Moderates in both parties are in agony over President Bush’s proposed tax cut. They ache to support it, because—let’s face it—cutting taxes is fun. But they understand that a tax cut as large as President Bush has requested would use up all—or more than all—of projected budget surpluses. They also understand that projections are unreliable and that much or all of those surpluses may never actually show up. In their desire both to cut taxes and be fiscally prudent, many are considering enacting a “trigger,” a budget target that would have to be met before tax cuts would take effect. Trigger advocates mean well, but if the road to hell is paved with good intentions, this idea threatens to take the nation to a very hot place.
A trigger would work as follows: Congress would enact tax cuts now to be phased in over several years. But each cut would take effect only if the actual or projected budget surplus exceeded a target in that year or the next year or next few years. The trigger could also be based on the public debt. Such an approach sounds fiscally responsible—no surplus, no tax cut! It is, in fact, an engraved invitation to budgetary chicanery.
This harsh statement is more than prediction. It is history. In the mid-1980s, Congress enacted a trigger calling for automatic spending cuts if targets for projected budget deficits were not met. Neither Congress nor the administration actually wanted to do what had to be done to meet the targets. So they resorted to deceptive practices to avoid pulling the triggers. Here is a partial list:
They adopted absurdly optimistic economic forecasts to overstate revenues and understate spending. They moved spending from one fiscal year to the next to make the first year’s budget meet the targets. Then, when the fiscal year was over, they moved the same spending back from the later year to the earlier year to help meet the targets for the later year. They declared certain spending to be “off-budget” so that it would not count against their targets. And then, when these and other gimmicks failed to prevent deficits, Congress simply abandoned the triggers it had earlier legislated.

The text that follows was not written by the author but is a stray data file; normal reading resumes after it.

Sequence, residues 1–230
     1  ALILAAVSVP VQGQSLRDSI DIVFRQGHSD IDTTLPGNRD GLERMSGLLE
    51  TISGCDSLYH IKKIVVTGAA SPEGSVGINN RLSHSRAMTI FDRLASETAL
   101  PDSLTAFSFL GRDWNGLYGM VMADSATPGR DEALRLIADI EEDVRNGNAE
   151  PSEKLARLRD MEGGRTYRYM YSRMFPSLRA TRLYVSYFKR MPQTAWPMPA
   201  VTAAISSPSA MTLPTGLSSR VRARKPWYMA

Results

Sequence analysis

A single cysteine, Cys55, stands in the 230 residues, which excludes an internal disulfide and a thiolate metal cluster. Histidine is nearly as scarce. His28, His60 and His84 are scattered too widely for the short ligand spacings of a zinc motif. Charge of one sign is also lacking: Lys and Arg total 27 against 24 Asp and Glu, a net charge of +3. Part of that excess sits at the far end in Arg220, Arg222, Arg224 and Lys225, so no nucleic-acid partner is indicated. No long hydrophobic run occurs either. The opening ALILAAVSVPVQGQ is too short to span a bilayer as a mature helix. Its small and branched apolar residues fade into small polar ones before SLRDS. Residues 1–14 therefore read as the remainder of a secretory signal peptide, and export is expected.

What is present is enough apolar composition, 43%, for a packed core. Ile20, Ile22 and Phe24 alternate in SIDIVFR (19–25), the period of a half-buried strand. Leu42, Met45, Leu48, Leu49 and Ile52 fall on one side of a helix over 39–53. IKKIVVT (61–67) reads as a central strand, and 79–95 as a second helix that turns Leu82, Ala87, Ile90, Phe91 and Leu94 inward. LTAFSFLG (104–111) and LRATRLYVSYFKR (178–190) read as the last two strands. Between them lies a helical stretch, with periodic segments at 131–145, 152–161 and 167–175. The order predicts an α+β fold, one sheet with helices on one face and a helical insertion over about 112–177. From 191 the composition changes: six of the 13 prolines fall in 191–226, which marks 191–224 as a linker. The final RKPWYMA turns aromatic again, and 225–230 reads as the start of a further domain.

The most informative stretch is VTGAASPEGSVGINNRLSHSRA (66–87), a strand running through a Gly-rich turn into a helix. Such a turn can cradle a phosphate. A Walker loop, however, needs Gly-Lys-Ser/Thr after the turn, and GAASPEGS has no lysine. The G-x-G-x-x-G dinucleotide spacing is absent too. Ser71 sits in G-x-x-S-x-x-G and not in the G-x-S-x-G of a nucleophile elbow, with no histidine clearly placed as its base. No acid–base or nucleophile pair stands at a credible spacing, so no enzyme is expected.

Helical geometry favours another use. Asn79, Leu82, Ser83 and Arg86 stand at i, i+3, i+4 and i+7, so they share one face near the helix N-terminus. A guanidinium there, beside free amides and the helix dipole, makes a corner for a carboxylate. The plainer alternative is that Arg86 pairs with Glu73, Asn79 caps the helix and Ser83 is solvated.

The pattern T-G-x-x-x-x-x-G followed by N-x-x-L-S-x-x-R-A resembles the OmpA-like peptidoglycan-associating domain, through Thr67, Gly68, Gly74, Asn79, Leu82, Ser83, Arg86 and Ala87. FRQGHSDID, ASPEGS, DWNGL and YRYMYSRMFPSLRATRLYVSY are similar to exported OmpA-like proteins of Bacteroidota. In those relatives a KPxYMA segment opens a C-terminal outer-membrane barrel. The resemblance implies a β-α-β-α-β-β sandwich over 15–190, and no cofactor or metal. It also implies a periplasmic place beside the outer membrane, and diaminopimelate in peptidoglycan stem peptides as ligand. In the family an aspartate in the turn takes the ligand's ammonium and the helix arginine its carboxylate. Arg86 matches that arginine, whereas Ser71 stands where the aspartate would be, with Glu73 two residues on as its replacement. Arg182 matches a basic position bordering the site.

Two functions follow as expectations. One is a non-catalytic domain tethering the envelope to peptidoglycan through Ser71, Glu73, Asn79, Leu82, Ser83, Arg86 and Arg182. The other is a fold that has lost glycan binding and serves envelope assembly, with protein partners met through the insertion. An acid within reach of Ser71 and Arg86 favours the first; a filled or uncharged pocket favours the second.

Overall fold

Relying on actual, rather than projected, surpluses to trigger tax cuts would preclude certain deceptions, such as rosy scenarios. But reliance on actual surpluses would intensify incentives to mislead in other ways. For example, because taxes count as revenues when received, withholding could be accelerated. Payment of contractual obligations could be delayed a few days. By temporarily cutting spending, tax rates could be permanently reduced. More worrisome than such petty bookkeeping scams is the shift in political power that the existence of tax cut triggers would cause.
Imagine that it is 2005. The last installment of the Bush rate cuts is scheduled to take place in 2006, but only if the surplus is sufficient. So the president—Bush or his successor—sends up a list of spending cuts that appeals to the administration but not to congressional leadership—Democratic or Republican. Congress faces a nasty choice. It can reject the spending cuts and thereby deny people the already-legislated tax cut. Or it can grant cuts it thinks unwise because it fears allowing the tax cuts to lapse.
Quite apart from gimmicks and unintended political power shifts, triggers cannot do the job they are intended to do. The terms of president Bush and 94 percent of the members of Congress expire before the end of fiscal year 2005. More than three-fourths of budget surpluses projected for the next 10 years accrue after the end of 2005. But 84 percent of the 10-year cost of the Bush tax plan results from cuts that would already be in place before the end of 2005. A trigger that prevented all later cuts from taking effect would provide little protection from consequences of tax cuts that events reveal to have been excessive.
These examples are not far-fetched. That triggers encourage budgetary dishonesty and shift political power is historical fact, not forecast. Been there! Done that! And if the budget gimmicks of the 1980s fostered by the painful prospect of cutting expenditures were brazen, those likely to be called forth by the passion to cut taxes will make one’s jaw drop. But there is a real problem—budget surpluses we currently expect may not be realized. There is a simple and direct way to deal with that problem: Wait.
Congress should legislate tax cuts only when surpluses are in hand or, at least, when they are imminent. If the economy performs as well as the Bush administration and many economists expect it to perform, revenues will be sufficient to support large tax cuts. Or the nation may decide to use its bounty to close projected long-term deficits in Social Security and Medicare. Or the nation may confront military emergencies or other contingencies that place unexpected demands on the public sector. In any event, Congress will be better positioned to make a responsible decision when the surpluses are in hand than when they are still in the Bush projections.